Back in 2010 an X-ray of my entire body revealed that I had osteopenia. This diagnosis alerts the patient to watch for the beginnings of osteoporosis – which directly translates as “porous bone” – a disease in which the density and quality of bone are reduced.
As our bones become more porous and fragile, the risk of fracture greatly increases. This bone loss occurs progressively and shows little or no outward symptoms until a fracture occurs. Once bones have been weakened by osteoporosis, symptoms may arise such as back pain caused by a slight fracture or damaged vertebrae, loss of height or stooped posture. It’s even possible to suffer a fracture without knowing how or when it occurred.
Last week I had a new X-ray performed. Known as a bone density scan, the test was quick, easy and painless. I simply made an appointment at the lab and was done in less than half an hour.
Osteoporosis causes bones to become weak and brittle. In severe cases, a seemingly minor fall can cause a fracture. The same may even occur from mild stresses such as bending over or coughing. Such fractures most commonly occur in the hip, wrist or spine. As we age the creation of new bone can’t keep up with the deterioration of old bone. Osteoporosis can affect both men and women, but as with all the other annoying things that come post-menopause, women are more likely to suffer from it and are at higher risk after age 50.
My doctor and I have an appointment next week to discuss options, but of course I had to find out all I could on the subject. I don’t want to end up like a bag of empty skin with only bone fragments holding me together! I found out the bone density scan results lay out a comparison of healthy bone levels to mine, and I seemed to be right over the healthy limit. I hope that I’m correct in assuming that I can control or even reverse my diagnosis with suggested diet, supplements and exercise. My favorite thing to do ... NOT!
Since I don’t smoke or consume alcohol anymore, both of which contribute to osteoporosis, I chalk up my diagnosis to a more sedentary lifestyle and lack of weight-bearing exercise. I guess that needs to change right now. Warm up that treadmill, Grandpa! I try to have a balanced diet and not overeat, but doctors encourage patients to increase consumption of protein and calcium-enriched foods as they’re two of the essential building blocks of good bone health. Chicken, eggs, low-fat dairy products such as milk and cottage cheese, soy, nuts, salmon, sardines, dark leafy vegetables and lentils are excellent sources.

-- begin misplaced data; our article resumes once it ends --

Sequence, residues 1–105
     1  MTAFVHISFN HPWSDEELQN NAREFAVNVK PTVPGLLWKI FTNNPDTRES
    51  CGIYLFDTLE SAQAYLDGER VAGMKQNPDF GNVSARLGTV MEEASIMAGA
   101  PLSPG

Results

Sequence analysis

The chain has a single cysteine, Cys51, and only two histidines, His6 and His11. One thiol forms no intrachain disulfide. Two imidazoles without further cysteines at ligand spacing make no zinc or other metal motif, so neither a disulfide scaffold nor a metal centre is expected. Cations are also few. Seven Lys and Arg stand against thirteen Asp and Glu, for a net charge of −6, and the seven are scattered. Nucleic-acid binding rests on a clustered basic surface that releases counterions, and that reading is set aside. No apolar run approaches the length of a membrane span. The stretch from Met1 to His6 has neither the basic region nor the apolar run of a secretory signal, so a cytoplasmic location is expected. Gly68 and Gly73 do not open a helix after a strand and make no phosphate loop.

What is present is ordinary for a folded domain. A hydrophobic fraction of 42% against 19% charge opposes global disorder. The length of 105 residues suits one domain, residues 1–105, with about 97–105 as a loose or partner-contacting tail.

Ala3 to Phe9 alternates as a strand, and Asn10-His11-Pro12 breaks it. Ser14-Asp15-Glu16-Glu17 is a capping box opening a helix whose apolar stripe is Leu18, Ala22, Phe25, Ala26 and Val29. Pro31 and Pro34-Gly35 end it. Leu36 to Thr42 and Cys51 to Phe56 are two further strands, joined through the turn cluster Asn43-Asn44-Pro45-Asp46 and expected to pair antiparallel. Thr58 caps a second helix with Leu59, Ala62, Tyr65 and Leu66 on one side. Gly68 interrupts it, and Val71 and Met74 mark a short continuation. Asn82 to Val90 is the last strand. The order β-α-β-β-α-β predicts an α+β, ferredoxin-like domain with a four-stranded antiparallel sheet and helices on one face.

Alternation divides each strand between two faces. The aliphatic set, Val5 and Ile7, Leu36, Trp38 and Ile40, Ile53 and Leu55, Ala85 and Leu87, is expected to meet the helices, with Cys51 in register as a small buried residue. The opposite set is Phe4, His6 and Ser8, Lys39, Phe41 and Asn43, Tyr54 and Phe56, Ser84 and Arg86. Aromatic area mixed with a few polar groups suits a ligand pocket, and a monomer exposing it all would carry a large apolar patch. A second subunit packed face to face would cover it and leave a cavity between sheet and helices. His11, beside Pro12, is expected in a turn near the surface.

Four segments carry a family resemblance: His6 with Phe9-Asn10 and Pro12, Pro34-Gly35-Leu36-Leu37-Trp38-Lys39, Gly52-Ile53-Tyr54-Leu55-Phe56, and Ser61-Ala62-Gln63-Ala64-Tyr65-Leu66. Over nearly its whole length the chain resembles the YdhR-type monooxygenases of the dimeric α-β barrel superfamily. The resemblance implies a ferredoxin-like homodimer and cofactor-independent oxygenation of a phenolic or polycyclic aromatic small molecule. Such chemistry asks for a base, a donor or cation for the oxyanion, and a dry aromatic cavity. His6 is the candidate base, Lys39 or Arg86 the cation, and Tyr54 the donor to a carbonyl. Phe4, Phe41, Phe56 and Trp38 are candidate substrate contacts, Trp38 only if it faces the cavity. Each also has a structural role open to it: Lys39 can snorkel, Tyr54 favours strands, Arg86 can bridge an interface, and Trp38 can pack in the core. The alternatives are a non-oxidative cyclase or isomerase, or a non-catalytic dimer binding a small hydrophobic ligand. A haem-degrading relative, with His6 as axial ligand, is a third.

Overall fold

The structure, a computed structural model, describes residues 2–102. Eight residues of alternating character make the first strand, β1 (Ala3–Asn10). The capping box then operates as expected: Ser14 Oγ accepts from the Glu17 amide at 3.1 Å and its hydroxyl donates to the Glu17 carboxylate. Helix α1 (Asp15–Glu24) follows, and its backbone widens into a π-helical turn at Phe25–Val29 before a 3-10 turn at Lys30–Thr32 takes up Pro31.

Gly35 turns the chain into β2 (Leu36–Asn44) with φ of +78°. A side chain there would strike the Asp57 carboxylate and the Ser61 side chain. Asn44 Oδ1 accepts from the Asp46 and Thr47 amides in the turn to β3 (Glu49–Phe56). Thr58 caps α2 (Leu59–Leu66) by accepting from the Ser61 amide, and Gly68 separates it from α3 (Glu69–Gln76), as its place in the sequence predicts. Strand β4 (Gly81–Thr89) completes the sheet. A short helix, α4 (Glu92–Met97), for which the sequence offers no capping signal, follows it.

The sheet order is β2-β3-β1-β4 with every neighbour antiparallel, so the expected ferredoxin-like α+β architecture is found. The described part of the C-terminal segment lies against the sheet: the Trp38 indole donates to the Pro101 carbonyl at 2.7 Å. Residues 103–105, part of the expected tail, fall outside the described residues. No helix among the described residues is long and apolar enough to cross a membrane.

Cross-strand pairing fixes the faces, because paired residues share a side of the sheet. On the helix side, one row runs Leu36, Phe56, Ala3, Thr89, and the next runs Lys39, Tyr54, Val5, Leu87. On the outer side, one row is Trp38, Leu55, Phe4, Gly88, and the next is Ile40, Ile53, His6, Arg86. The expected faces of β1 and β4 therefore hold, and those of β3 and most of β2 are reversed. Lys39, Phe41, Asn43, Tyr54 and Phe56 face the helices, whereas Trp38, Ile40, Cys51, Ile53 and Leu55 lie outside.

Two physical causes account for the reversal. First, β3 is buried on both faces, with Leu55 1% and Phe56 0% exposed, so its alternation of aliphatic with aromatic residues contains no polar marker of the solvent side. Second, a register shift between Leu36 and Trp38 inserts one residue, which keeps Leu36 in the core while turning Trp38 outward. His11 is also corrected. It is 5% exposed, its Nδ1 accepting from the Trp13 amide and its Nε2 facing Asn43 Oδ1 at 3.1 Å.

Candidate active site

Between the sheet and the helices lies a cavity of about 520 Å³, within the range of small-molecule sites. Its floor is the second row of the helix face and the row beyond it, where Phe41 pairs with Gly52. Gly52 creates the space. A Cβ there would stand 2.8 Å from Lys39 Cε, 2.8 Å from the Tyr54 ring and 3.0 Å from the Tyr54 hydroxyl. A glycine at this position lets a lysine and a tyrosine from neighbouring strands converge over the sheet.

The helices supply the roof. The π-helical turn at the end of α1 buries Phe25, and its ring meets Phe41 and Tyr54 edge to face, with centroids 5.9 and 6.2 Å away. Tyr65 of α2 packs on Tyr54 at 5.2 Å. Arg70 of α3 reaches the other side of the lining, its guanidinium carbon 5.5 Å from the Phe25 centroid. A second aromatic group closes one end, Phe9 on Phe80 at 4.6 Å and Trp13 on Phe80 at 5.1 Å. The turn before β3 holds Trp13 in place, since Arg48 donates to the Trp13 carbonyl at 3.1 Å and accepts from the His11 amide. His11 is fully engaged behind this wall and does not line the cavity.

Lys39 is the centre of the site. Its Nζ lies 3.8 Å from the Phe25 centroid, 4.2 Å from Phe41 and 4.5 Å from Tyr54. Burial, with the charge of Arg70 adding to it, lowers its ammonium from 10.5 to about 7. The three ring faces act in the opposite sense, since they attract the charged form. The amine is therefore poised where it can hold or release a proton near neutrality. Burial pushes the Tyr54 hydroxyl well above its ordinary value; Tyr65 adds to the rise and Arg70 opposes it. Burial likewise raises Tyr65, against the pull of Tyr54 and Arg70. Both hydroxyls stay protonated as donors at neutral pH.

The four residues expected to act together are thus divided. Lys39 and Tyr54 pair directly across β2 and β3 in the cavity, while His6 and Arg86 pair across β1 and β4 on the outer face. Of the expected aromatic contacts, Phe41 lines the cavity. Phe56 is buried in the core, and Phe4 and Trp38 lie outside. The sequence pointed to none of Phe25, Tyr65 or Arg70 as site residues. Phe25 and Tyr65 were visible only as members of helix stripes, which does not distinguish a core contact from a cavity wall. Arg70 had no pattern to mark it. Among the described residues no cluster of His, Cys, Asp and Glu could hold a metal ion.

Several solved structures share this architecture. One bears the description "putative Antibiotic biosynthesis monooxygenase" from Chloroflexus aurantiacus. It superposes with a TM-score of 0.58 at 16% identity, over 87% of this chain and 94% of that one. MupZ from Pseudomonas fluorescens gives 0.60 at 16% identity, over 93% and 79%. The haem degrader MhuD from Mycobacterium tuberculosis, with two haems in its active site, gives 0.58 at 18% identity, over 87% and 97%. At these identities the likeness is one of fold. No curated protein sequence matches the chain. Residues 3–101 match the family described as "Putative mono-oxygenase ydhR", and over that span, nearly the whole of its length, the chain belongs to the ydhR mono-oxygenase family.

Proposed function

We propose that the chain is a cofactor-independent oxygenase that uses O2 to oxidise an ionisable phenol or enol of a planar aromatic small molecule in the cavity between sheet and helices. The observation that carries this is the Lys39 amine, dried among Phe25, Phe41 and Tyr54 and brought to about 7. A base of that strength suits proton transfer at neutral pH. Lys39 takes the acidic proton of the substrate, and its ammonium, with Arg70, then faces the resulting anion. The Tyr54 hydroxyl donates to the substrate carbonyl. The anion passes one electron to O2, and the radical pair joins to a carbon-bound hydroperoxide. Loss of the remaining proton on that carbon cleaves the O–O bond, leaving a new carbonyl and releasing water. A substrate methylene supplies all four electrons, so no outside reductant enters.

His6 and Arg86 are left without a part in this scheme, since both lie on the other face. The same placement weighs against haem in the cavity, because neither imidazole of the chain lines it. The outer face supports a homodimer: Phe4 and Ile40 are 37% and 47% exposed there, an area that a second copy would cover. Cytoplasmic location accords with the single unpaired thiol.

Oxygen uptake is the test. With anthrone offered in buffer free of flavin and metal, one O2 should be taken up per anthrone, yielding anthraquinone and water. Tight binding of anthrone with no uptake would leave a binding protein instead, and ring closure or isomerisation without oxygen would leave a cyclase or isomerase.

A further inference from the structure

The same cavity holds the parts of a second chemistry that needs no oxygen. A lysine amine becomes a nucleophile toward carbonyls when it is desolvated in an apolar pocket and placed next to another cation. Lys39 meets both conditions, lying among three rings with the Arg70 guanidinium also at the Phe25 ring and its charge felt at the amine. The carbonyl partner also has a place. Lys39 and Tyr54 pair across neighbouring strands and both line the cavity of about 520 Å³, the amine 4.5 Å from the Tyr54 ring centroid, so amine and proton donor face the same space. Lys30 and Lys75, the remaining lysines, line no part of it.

I began drinking a whey protein shake every day. They’re not only high in protein, but they taste pretty good, too. Try the chocolate. Calcium is also a balancing act. I read that supplements can help, but that too much calcium can cause kidney stones. I wish this was easier, but like everything else, good health is a constant juggling act. The Institute of Medicine recommends a total daily calcium intake for people over 50 — from supplements and diet combined — should be no more than 2,000 milligrams. I also take vitamin D. It improves the body’s ability to absorb calcium and assists bone health in other ways. People are physically able to absorb adequate amounts of vitamin D from sunlight, but the sun may not be a good source if you’re housebound or if you regularly use sunscreen. Some people avoid the sun entirely due to skin cancer risk. Although there’s no standard dosage of vitamin D, a good starting point for adults is 600 to 800 international units (IU) a day through food or supplements. For people without other sources of vitamin D, and especially those with limited sun exposure, a supplement may be needed. Most multivitamin products contain between 600 and 800 IU of vitamin D. According to the Mayo Clinic, up to 4,000 IU per day is safe for most people.
Since balance becomes more difficult as we age, we’re at greater risk of falls. Bone density scan tests are covered by most Medicare plans. After the test is complete, you’ll sit down with your doctor to discuss options for care and treatment of osteopenia or osteoporosis. Also, taking extra care by holding onto things or using a walker may just save you from a dreadful tumble. If it turns out that the condition is severe, you may need medication. Only you and your doctor can determine the right path for you. I’m hoping my physician will tell me that I’m now on that right path.
Marla Luckhardt is a Brentwood resident who works with senior care and advocacy groups. Email her at firstname.lastname@example.org.